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Who We Are

The Reformed Presbyterian Church of Scotland – the RP Church – has been a recognised part of the Scottish church for a long time and, although it is the second oldest Presbyterian Church in Scotland, it is really as old as the Church of Scotland itself.


Although it springs out of the Scottish Reformation in the 16th century, its more immediate roots are found in the ‘Covenanters’ – those men and women of the 17th century who fought to protect the church from the tyranny of the state. They were sometimes called ‘Cameronians’ in honour of one of their most prominent preachers and an outspoken critic of the monarchy, Richard Cameron – who, incidentally, had a famous Scottish Regiment named after him too (The Cameronians).


It is now widely accepted that these Covenanters, through their principled stand and their writings, didn’t just secure the freedom of the church from state tyranny but also helped to limit the power of the monarchy by advocating a constitutional monarchy such as we now have.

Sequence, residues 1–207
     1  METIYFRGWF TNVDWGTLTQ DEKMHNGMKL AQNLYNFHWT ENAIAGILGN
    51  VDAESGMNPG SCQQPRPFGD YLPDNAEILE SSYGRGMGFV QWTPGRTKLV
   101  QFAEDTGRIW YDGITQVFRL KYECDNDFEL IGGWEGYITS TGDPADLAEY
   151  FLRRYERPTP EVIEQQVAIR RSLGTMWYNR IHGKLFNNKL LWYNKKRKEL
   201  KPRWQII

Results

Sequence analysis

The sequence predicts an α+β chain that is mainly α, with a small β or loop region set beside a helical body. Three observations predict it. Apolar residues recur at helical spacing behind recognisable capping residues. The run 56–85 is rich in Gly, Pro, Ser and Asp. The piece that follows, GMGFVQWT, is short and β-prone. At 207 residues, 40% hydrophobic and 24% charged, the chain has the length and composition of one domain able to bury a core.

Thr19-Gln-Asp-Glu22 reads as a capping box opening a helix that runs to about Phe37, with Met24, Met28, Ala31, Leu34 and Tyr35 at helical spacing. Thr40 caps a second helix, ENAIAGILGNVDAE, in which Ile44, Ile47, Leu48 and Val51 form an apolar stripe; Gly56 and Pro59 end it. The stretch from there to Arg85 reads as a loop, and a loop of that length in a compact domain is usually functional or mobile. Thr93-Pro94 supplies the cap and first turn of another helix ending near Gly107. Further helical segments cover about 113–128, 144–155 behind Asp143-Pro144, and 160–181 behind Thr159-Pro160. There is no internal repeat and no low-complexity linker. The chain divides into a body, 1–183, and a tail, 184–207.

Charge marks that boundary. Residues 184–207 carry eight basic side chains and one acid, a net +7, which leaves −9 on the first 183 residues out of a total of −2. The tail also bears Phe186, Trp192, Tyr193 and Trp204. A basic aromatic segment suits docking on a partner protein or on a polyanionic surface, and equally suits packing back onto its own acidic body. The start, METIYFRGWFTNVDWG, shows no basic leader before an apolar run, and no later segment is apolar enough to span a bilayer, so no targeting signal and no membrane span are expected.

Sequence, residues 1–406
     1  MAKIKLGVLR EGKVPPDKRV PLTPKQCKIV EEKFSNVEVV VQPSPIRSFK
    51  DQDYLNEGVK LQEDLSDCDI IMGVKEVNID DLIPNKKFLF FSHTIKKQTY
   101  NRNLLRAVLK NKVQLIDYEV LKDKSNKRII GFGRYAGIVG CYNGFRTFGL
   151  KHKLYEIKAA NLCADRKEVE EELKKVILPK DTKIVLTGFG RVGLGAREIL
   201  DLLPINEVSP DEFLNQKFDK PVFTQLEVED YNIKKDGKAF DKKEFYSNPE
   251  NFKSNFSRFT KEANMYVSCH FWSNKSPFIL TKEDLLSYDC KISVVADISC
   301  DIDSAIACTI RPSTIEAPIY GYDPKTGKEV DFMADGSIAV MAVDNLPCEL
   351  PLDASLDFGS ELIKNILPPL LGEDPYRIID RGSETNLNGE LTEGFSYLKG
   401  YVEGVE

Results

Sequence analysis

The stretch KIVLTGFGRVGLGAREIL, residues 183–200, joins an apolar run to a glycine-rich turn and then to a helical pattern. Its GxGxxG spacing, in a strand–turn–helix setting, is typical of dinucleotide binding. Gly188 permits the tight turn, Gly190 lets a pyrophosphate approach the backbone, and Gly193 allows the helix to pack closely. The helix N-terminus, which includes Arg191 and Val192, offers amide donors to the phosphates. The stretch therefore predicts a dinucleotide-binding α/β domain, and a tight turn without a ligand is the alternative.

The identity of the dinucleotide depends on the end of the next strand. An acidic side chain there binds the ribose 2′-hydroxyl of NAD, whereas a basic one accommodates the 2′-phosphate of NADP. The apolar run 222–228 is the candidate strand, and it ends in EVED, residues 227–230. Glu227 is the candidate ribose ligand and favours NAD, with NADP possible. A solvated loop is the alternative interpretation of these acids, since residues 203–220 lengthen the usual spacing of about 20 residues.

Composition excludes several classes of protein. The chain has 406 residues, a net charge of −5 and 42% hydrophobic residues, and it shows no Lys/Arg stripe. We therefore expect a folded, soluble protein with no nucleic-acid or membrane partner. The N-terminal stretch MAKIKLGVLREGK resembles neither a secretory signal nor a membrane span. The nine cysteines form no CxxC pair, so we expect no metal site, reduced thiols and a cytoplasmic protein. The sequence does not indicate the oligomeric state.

Several thousand of these Covenanters could not accept the terms on which the church in Scotland was re-settled in the so-called ‘Glorious Revolution’ under King William in 1690. Consequently, they chose to remain outside the re-constituted Church of Scotland and commenced a parallel existence which has continued to this day. This existence was originally in local groups meeting for worship and fellowship but, in 1743, they formally organised as the Reformed Presbyterian Church of Scotland. For more information on the origin of the RP church, see here.


The RP church was once much stronger than it is at present and it was strongest in central Scotland, Ayrshire and the Borders. Although it took root and spread in other countries, it began to enter into what became serious decline in Scotland from the late 19th century. However, the Scottish RP Church is now, thankfully, seeing renewed growth and is part of a large and growing global family of RP churches throughout the world – these include the churches in Ireland (which has a Training College), North America (which has around 100 congregations, a Theological College and an Arts College), Japan (again, with a Theological College), India and France – as well as an extensive work in an area of the world where sensitivity is required in connection with publicity.